The trouble is, Meta is out there today proving that smart glasses are a fantastic wearable for AI, and it’s not the only one. Solos has a range of smart glasses built around ChatGPT, and Brilliant Labs’ exciting Frame smart glasses are now reaching the faces of keen early adopters.

That’s all before considering smart glasses with AI capabilities from Oppo and app-based AI-first platforms that work with smart glasses like XRAI. There’s a lot happening with smart glasses today, but Google is completely absent from any of it.

Missing the boat

Google's AR smart glasses translation feature demonstrated.
Google’s AR smart glasses from Google I/O 2022 Google

This isn’t the first time Google has shown a pair of concept smart glasses during Google I/O’s keynote and then promptly ignored them forever. In 2022, it showed how live transcription through smart glasses could change people’s lives, and it was both an inspiring and exciting glimpse of the future. Where are those smart glasses with that capability today? Who knows. Perhaps Google dusted off and reused that old prop for the Project Astra demo, as they certainly aren’t on sale.

The procrastination on Google’s part over creating exciting hardware for its AI is a serious problem, as others are out there capitalizing on all this now, with XRAI’s AI subtitling and translation feature being a prime example. Google isn’t Apple, and it can’t sit back and let others experiment and then come out with its own interpretation. The Pixel Watch proved it, as the first version was a poor smartwatch with an unimaginative design that really came too late. While the sequel improved things a lot, it’s still the same on the outside, and other brands are either far ahead or already moving on.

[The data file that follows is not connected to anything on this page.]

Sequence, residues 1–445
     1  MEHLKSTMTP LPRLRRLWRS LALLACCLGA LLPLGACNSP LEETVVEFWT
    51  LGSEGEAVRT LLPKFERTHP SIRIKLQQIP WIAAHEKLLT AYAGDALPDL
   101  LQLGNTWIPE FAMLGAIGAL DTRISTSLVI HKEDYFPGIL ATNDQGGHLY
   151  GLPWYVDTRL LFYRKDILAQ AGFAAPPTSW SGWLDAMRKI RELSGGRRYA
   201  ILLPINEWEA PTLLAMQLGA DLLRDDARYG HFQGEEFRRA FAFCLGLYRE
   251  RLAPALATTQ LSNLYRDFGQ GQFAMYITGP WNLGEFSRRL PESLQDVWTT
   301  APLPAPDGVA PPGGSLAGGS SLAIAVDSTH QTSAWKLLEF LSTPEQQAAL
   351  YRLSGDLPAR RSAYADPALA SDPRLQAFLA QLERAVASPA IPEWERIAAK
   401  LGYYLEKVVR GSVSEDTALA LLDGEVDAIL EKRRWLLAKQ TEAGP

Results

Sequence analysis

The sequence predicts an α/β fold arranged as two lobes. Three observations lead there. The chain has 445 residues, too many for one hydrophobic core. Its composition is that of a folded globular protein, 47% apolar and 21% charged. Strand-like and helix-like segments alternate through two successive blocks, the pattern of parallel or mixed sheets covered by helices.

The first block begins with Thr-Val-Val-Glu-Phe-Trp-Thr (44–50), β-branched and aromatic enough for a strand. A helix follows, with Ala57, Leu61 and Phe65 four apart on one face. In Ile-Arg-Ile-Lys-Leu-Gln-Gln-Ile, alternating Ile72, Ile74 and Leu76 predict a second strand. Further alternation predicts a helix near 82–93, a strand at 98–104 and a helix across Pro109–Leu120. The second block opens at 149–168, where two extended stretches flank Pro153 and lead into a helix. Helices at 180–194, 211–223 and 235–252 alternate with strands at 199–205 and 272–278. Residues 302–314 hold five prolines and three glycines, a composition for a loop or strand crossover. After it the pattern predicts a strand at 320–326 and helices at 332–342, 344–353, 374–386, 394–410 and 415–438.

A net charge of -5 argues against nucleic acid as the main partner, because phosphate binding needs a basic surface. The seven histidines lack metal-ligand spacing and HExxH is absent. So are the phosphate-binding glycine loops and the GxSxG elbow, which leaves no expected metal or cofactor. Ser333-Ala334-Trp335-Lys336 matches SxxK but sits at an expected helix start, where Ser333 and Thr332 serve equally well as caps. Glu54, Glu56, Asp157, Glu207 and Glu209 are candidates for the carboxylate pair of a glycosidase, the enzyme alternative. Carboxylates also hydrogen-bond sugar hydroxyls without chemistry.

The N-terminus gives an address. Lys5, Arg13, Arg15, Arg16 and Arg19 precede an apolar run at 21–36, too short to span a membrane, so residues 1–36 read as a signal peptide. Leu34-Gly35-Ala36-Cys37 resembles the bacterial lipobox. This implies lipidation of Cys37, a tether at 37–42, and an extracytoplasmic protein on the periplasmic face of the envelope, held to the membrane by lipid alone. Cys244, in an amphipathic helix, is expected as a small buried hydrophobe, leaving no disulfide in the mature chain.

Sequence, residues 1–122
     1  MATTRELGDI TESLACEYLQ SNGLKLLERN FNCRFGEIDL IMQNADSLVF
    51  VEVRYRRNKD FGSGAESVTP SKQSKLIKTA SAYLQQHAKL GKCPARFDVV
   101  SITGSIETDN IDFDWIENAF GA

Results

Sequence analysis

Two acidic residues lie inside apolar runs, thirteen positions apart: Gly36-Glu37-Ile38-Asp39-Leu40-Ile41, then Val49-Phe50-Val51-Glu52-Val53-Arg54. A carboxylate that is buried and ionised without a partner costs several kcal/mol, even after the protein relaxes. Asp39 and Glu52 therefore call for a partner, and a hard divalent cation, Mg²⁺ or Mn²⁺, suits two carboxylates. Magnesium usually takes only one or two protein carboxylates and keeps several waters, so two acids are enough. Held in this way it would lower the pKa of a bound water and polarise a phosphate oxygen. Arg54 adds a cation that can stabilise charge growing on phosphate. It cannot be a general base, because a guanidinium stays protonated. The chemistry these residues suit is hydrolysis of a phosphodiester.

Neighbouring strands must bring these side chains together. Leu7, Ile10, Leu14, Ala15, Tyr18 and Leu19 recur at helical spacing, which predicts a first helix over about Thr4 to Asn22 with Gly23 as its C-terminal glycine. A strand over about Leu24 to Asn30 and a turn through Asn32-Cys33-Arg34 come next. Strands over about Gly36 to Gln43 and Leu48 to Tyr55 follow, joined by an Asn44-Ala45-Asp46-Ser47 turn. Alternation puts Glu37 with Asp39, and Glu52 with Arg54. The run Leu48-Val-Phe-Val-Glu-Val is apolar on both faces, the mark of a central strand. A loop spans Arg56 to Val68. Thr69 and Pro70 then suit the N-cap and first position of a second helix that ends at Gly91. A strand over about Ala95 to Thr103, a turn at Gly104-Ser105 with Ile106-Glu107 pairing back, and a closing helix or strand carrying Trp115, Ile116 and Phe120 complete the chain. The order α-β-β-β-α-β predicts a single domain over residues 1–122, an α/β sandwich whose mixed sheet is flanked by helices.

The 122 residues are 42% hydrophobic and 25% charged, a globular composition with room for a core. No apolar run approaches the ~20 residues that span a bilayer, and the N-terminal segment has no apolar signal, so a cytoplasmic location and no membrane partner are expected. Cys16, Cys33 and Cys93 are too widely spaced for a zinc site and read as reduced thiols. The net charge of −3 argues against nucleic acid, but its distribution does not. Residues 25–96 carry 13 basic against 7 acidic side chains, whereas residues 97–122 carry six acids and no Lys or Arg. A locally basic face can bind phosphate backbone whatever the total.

What Google does (or used to do) well is push boundaries, and it needs to do that with its AI hardware now, not in several years’ time when its competitors have already done it all. It seems to have forgotten how to have fun and is so caught up in making AI “helpful” that it has lost sight of how to make its software innovations enticing. A pair of smart glasses would have done exactly that, and frustratingly, I think Google knows it, as it slipped that half-hearted tease into the keynote.

Buy Ray-Ban Meta instead

A pair of Ray-Ban Meta smart glasses on a table.
Ray-Ban Meta smart glasses Phil Nickinson / Digital Trends

Google’s lackadaisical approach to smart glasses, and indeed any dedicated hardware that shows off the incredible potential of Gemini and AI, is giving its competitors the edge, and that’s the biggest problem of them all. It had a big chance to reclaim its position as a smart-glasses innovator (and an XR innovator, too) at this year’s I/O — all while exorcising the demons that still haunt Glass all these years later. But, instead, it chose to pretend they’re still tech coming in the future.

I’m here to tell you this isn’t right, as you can buy the superb Ray-Ban Meta smart glasses today, and they’re not a concept or beta test, but an everyday usable product you’ll love — complete with AI smarts right there at your fingertips. They will introduce and excite normal people to AI’s potential far more than yet another AI-generated summary of an email or PDF, which simply isn’t the “wow” moment Google seems to think it is.

Maybe Glass will return with AI in 2025, but based on the situation today, I’m more interested in seeing what Google’s competition will be doing with AI hardware next year. Considering we’re discussing Google here, not a company that has never innovated before, that really shouldn’t be the case at all, and it highlights what a misstep it made at I/O 2024.